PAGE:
ST. PAUL, Minn. (AP) A state Capitol facelift, college campus building projects and regional civic center upgrades got thrown in limbo May 17 when the Minnesota House failed to muster enough votes for an $800 million construction bill.
The bill fell five votes short of an 81-vote supermajority needed for passage, a rare area where Republicans wielded veto power in a state government controlled by Democrats. The bill involved selling long-term bonds, which subjects it to a three-fifths threshold for passage. Its failure left a major renovation of the Capitol, already well under way, in question with just over three days left in the session.
“Just one word: Tragic,’’ said Rep. Alice Hausman, the St. Paul Democrat who sponsored the measure. Hausman said a handful of Republicans who voted no had promised their support.
Construction bills often win backing from both parties for their ability to generate local construction jobs and spread dollars to communities around the state. In addition to getting stymied on that bill, Democratic legislative leaders also abandoned another goal of many in the party: increases in the state gas tax and the Twin Cities metro area sales tax to pay for road and transit projects, which struggled after Democratic Gov. Mark Dayton refused to support the gas tax hike.
Both the House and Senate worked into the night May 17, rushing to finish the state budget before the late May 20 deadline for adjourning the regular session. The House voted 73-61 in favor of the health and human services budget late on May 17, one of the biggest chunks of state spending. The massive document, finalized in recent days by House and Senate negotiators, includes a 5-percent pay increase for nursing home workers.
The Legislature also sent Dayton a higher education budget that includes a tuition freeze at public colleges and universities, puts more money into state grants to students, and grants resident tuition to the children of immigrants who are not documented.
While that bill won some Republican backing, the construction bill spurred partisan rancor in the House. Only three Republicans voted for the bill; Hausman said she had commitments of support from eight, which would have been enough to pass the bill; she wouldn’t name who reneged.
Rep. Rod Hamilton, R-Mountain Lake, rose angrily before the vote to complain that the fate of natural disaster aid for his southern Minnesota area was tied to the legislation.
“We are being held hostage,’’ Hamilton said. He voted against the bill.
GOP leaders had insisted for days that they wouldn’t go along with a bill they considered too bulky.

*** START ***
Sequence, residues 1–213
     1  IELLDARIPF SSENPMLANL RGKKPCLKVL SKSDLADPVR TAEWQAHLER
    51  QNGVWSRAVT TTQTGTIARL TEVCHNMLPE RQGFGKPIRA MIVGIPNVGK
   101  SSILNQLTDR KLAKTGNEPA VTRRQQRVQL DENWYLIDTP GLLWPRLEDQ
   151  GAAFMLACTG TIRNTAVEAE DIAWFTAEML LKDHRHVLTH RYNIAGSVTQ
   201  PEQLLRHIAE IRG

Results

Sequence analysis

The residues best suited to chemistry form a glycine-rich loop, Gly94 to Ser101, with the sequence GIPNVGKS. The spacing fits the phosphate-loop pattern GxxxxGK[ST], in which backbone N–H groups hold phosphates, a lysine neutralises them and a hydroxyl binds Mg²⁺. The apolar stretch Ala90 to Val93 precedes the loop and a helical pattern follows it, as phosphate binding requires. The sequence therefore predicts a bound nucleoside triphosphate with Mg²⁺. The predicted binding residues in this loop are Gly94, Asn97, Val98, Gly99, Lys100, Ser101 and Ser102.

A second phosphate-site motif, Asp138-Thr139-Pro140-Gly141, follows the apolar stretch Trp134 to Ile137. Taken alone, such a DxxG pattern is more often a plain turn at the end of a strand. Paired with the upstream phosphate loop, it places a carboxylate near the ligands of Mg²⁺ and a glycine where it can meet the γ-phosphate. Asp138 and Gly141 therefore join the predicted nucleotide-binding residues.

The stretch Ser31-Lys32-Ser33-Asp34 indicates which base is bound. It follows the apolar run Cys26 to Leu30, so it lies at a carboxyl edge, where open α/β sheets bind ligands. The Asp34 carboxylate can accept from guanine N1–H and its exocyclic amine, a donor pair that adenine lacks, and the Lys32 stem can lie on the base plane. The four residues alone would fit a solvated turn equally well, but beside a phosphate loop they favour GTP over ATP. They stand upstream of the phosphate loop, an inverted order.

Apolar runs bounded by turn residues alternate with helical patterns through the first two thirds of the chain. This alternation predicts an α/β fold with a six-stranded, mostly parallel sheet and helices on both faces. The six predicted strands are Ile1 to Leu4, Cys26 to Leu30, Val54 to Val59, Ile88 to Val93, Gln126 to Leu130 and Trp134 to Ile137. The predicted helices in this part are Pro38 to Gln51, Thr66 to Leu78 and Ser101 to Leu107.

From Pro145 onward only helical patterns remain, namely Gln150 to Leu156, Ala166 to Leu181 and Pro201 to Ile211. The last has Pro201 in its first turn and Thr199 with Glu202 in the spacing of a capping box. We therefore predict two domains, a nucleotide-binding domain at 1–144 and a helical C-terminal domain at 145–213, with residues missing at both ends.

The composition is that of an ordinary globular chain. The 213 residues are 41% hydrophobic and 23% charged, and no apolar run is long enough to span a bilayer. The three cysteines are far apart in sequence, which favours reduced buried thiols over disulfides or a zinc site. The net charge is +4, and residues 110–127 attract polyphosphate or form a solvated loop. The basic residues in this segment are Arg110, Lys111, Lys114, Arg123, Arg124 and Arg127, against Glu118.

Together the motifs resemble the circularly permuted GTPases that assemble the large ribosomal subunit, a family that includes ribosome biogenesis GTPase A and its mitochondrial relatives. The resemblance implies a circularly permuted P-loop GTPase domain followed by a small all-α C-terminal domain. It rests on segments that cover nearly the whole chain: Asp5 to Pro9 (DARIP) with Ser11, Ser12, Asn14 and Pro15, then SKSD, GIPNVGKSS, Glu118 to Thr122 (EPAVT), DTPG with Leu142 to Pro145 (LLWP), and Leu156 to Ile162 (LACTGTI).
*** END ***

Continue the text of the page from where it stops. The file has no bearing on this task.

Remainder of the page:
“Time is running out and we shouldn’t be distracted with borrowing huge amounts of money right now on the state’s credit card,’’ said House Minority Leader Kurt Daudt, R-Crown.
Hausman said she wouldn’t try to revive the bill. But few major bills are truly dead in the final hours of a legislative session. Lawmakers were preparing to work through the weekend, with late and even overnight sessions possible.
The state Capitol renovation project was the largest in the construction bill, consuming $109 million. Those overseeing the building work say the money is needed this year to avoid costly delays. Dayton and a bipartisan slate of lawmakers are on record supporting the fix-up to the 107-year-old state Capitol, where safety concerns have been patched over for years.
Lawmakers could insert money for the project in budget bills that haven’t reached the floor yet.
Daudt wouldn’t rule that out. “If they want to talk about an alternate plan, I’m happy to come to the table,’’ he said.
Hausman said she didn’t support borrowing for the Capitol renovation project separately.
“The Capitol is a noble project, an important project. We should do it,’’ she said. “But why is it more important than higher education, building laboratories and classrooms for all of our kids in the state?’’
The vote against the bonding bill, as it is known, could carry political risks. Several Republicans voted against a plan for wastewater treatment and flood mitigation projects in their districts, and several were under pressure from local business groups to support civic center renovations in Mankato, Rochester and St. Cloud. Some of the nearly $200 million in college campus projects are in districts represented by Republicans.
Most of them will have another shot to advance the hometown projects before the next election. Big bonding bills usually are considered in election-year sessions.
But proponents of the defeated measure said forgoing a bill this year will come at a cost. There’s no guarantee that currently low interest rates, which make construction dollars go further, will stay that way.
Rep. Lyndon Carlson, DFL-Crystal, said the projects would come at a perfect time in the state’s economic recovery.
“We have many Minnesotans in the construction industry and the various support industries who are ready, willing and able to go to work,’’ he said.
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